Improvisation Summer Course Amsterdam Music Dance Workshop

Music Dance Course- Summer 2017 Mary Oliver (music) and Manuela Tessi (dance). July 24 to August 3 18:00 to 21:00 Monday to Thursday main space Studio 1.

No previous experience of language for music for dancers or dance for musicians is required. Maximum number of participants: 15 per week. It is suggested to join for one whole week or the entire course, however participation to single days is possible. €35 per day / €130 per week / €260 two weeks

Music Dance Course- Summer 2017 

This workshop is aimed for dancers and musicians who have an interest in the study and practice of sound and movement in real-time composition with a curiosity to discover an intuitive organization of the body in space with sound. We have been actively investigating how dancers and musicians can collectively create spontaneous choreography and composition through improvisation: existing as one study rather than separate entities. The practice of dance and music is not new. It has existed within folk traditional dances and many non-western cultures for centuries. However, we feel there is an urgency to re examine how classical and contemporary western music/dance practices have evolved.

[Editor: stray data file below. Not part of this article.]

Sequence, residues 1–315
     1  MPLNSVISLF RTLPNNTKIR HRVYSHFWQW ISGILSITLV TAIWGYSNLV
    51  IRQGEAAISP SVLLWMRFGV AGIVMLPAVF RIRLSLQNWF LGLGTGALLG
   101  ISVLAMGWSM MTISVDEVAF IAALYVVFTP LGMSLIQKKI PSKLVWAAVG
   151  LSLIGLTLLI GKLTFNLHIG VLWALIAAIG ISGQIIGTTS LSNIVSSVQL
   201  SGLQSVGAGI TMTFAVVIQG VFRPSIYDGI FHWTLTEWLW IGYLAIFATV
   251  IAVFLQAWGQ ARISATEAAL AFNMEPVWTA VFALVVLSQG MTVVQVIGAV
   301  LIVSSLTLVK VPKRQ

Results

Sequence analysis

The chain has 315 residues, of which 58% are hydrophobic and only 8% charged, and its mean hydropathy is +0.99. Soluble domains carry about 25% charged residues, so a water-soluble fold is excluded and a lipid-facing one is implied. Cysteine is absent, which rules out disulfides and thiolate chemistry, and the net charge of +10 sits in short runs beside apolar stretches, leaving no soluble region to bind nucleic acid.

I am a dancer based in Amsterdam and partially in Berlin. I became interested in working with live music during my final two years of study at the Theater school in Amsterdam. Since then, live music, whether composed or improvised, has played a central role in my performance work. I was impressed by the work artists like Anne Teresa de Keersmaeker (Rosas), because of how they chose and organized their music with their choreography. This led me to conduct several projects as a choreographer with composers from the conservatory in Amsterdam. I discovered strategies used by music composers and applied this to choreography. I came into this work critical in the way most dancer/choreographers used music on stage which promoted my curiosity to continue my research aiming for a deep connection of movement with sound with a vision for performance that, as time arts, are inseparable. Since 2004 I studied and worked with Katie Duck as an apprentice with Magpie and then as a performer and collaborator.  I have participated with several ongoing collaborations with dancers who also apprenticed with Magpie, Makiko Ito and Miri Lee. I have an interest in functional movement as a precursor to dance. In my vision of dance, content and functionality provide form. Movement principles and qualities are the raw materials to create compositions. I strive to guide the students to connect to that raw material and provide strategies for how you can choose to arrange the body in space. When relating to live sound, we need to take into consideration how it is altering the state of the body and the mind.  We need to allow for raw materials to change moment to moment. As dancers, we need to be extremely alert, to listen to each change, shift of our state of mind and quickly create the material in a playful arena with the sound in space. Presently, I curate two platforms for dance and live music performance: Music Dance 301, at the cultural center OT301, Amsterdam, and Musiktanznulldreissig, in various Berlin venues.  I find it essential, in the times we are living in, to contribute to the production of art by creating platforms and gathering crowds to experience the work. These platforms provide an opportunity for my own performances as well as my peers, offering continuity in the research. I believe that creativity needs to be promoted bottom-up, getting your hands dirty, digging into the material without waiting for permission from public funding or any established venues.